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The National Restaurant Association says debit swipe fee reforms put in place one year ago have largely benefitted the nation’s small business economy.
“Reforming credit and debit swipe fees has been a top priority for the National Restaurant Association for over a decade,” says Scott DeFife, executive vice president, policy and government affairs for the National Restaurant Association. “Since debit reforms went into effect one year ago, restaurants and their customers have been aided by a more transparent system in which card companies are prevented from arbitrarily increasing debit interchange rates. We know there is more work ahead, specifically on smaller-ticket transactions and credit swipe fee reform, but the important news is that the status quo is changing for the better.”
After years of work by the National Restaurant Association and other merchant groups to sound the alarm on uncontrollable and rising interchange fees for small businesses, Congress passed reforms to give the Federal Reserve the power to determine reasonable fees for debit cards. The Federal Reserve rules went into effect on October 1, 2011.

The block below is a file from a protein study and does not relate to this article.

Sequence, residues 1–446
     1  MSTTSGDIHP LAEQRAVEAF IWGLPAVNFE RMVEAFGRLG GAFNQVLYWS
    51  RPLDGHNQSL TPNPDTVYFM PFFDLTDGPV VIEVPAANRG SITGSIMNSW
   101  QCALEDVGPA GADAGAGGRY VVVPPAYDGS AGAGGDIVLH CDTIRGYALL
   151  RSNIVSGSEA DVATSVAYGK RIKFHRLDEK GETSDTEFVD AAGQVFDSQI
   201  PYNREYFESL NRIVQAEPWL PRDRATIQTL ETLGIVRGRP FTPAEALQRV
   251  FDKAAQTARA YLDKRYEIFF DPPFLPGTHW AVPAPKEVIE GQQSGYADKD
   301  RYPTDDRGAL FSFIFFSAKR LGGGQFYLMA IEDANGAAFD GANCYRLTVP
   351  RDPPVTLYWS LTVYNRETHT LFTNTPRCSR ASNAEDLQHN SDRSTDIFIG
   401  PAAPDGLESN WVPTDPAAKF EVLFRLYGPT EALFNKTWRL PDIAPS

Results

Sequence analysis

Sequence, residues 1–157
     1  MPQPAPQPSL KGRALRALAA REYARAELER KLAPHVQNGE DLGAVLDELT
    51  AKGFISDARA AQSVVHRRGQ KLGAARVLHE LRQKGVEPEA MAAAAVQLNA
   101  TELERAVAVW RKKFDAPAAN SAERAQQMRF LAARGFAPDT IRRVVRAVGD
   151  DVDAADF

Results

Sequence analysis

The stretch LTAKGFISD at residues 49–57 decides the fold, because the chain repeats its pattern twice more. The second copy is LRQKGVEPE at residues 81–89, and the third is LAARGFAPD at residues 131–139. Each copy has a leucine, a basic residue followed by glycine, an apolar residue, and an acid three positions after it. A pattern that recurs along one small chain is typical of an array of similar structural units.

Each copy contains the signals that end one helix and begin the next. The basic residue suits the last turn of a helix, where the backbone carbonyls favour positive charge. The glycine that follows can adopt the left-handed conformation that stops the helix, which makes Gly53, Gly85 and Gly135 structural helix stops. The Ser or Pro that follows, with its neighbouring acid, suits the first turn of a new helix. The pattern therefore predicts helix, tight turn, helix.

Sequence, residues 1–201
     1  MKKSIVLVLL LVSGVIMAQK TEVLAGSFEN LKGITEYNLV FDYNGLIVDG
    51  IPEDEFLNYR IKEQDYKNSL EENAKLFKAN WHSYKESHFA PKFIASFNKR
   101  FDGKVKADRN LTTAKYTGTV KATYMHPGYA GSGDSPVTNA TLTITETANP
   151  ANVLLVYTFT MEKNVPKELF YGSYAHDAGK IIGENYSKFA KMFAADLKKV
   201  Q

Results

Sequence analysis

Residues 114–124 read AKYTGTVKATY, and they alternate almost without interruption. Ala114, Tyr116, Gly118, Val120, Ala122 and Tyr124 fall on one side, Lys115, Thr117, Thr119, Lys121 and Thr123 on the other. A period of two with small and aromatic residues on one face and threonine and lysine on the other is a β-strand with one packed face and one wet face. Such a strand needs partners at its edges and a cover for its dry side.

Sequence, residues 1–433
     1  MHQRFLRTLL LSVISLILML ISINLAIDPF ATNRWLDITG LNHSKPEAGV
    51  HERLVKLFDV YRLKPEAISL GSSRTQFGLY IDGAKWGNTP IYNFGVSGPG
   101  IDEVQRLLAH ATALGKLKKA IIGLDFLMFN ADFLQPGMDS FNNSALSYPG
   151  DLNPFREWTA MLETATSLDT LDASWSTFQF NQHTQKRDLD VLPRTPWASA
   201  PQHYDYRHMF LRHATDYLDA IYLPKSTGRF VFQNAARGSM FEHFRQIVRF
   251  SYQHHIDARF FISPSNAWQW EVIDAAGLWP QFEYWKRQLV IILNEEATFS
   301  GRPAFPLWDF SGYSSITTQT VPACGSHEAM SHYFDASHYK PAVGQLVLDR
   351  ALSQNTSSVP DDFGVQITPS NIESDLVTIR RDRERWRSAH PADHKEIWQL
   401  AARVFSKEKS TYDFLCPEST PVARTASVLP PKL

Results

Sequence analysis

In its final rule, the Fed capped swipe fees that merchants pay for debit card transactions at 21 cents per transaction – less than the average 44 cents that merchants had previously paid for debit card transactions, but a significant increase over the 12-cent swipe fee cap first proposed by the Fed and based upon historical processing costs.
The National Restaurant Association has joined a lawsuit challenging the final rule, arguing that the Fed did not follow Congressional intent to issue regulations that would ensure debit card swipe fees for merchants are “reasonable and proportional” to the cost of processing debit-card transactions, which is roughly four cents per transaction. Oral arguments are expected to begin October 2.
“While the Federal Reserve’s rule significantly brought down debit swipe fees for many merchants, some restaurant owners have been forced to pay higher fees on smaller-ticket transactions – evidence that the Fed provided card networks like Visa and MasterCard too much latitude to increase rates well above a reasonable and proportional level,” says DeFife.
“Higher fees on small-ticket bills were not the intent of Congress, and the Federal Reserve should reconcile this failure to comply with the law as intended,” DeFife adds. “Furthermore, the card networks’ behavior is evidence that much more transparency and competition is still needed in the payments marketplace.”